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This article is taken from PN Review 202, Volume 38 Number 2, November - December 2011.

Variant Editions of Geoffrey Hill's Mercian Hymns Thomas Day
The text of Geoffrey Hill’s Mercian Hymns reprinted in full in Hill’s 2006 Penguin Selected Poems bears a strange unlikeness to the poem as it appears in the original André Deutsch pamphlet of 1971, and then again in Somewhere Is Such a Kingdom: Poems 1952–1971 (Boston, 1975) and the Penguin Collected Poems of 1985. Where the earlier books exactly replicate the lineation of the original pamphlet, the 2006 version rejigs the text by packing in more words per line, thus altering the words that begin and/or end any given line, as well the spatial positioning of those in between. Selected Poems ostensibly observes the distinctive shape of Mercian Hymns’ ‘versets of rhythmical prose’, as Hill characterised the form in his interview with John Haffenden:1 short paragraphs justified at both margins, with the first line of each ‘outdented’, slightly overhanging the left margin – like the effigy on Offa’s coins as described in hymn XIII, at once ‘kempt and jutting’. But it’s as if the liquid has set differently in the mould. So, to take an instance at random, the first lines of hymn XXIII in the original read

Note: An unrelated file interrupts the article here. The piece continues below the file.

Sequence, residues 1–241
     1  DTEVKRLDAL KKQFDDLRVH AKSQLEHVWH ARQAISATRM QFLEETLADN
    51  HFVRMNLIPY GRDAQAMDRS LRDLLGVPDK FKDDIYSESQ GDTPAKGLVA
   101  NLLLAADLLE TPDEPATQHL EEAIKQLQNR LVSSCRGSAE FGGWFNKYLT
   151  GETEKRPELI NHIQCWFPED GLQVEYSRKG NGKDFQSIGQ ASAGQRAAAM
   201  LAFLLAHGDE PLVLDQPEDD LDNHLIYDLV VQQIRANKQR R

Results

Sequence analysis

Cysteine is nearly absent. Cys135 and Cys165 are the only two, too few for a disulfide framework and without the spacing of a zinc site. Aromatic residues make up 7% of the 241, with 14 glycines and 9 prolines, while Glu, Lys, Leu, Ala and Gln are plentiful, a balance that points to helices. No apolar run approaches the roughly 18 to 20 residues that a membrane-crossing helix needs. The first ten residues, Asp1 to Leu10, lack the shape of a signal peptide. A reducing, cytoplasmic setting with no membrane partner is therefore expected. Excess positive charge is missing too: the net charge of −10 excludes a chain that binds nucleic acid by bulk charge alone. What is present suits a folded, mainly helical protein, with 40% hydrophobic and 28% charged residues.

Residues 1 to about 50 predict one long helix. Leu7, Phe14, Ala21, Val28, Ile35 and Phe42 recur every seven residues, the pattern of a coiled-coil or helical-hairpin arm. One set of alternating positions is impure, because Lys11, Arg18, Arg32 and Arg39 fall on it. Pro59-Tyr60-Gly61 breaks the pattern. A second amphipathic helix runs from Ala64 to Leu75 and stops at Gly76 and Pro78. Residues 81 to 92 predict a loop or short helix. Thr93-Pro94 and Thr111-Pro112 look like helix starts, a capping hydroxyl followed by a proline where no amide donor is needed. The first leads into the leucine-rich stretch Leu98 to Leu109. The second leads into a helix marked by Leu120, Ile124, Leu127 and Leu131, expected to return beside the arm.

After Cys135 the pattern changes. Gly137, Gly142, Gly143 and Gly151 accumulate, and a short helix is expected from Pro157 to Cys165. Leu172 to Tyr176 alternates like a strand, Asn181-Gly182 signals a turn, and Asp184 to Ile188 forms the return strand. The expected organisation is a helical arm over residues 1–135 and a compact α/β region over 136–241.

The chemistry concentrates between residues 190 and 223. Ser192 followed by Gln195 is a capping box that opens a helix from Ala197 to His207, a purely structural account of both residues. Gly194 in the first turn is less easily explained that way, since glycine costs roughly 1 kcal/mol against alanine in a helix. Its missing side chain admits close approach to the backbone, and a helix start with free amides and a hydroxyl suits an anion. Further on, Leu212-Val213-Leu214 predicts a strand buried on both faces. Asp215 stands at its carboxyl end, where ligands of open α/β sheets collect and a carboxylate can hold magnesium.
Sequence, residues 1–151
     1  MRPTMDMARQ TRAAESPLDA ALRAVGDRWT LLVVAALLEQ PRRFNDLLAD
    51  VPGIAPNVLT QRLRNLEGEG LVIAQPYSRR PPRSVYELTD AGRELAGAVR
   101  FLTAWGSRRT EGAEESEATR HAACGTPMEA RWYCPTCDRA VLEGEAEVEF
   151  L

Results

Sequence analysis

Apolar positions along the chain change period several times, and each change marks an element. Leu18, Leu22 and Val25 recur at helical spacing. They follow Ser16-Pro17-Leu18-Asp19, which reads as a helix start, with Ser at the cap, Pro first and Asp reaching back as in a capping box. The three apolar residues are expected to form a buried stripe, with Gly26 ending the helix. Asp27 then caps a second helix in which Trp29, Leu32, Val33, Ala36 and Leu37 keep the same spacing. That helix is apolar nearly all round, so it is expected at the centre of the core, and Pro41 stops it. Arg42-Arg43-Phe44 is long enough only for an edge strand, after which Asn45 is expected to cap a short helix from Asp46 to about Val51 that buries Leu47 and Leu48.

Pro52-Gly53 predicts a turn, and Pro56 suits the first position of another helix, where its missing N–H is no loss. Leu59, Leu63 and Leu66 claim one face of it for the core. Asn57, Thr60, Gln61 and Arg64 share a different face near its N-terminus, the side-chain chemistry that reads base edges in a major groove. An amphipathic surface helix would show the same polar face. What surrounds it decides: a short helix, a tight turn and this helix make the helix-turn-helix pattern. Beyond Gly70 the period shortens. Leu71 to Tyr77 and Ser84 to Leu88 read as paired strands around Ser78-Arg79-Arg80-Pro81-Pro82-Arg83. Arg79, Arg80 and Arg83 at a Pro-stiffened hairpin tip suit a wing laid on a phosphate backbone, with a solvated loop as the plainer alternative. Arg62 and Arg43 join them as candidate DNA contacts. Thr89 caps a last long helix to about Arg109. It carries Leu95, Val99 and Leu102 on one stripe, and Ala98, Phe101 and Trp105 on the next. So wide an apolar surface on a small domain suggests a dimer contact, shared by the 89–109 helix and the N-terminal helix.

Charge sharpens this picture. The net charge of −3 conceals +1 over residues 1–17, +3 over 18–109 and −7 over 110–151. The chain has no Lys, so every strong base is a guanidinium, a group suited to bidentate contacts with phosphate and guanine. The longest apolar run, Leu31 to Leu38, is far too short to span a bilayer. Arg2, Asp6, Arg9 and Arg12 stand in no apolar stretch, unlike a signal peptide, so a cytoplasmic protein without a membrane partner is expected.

original extract shown as an image to show exact typography
while Selected Poems has
original extract shown as an image to show exact typography
This means that while the original verset runs to six (or five and a half) lines, concluding ...


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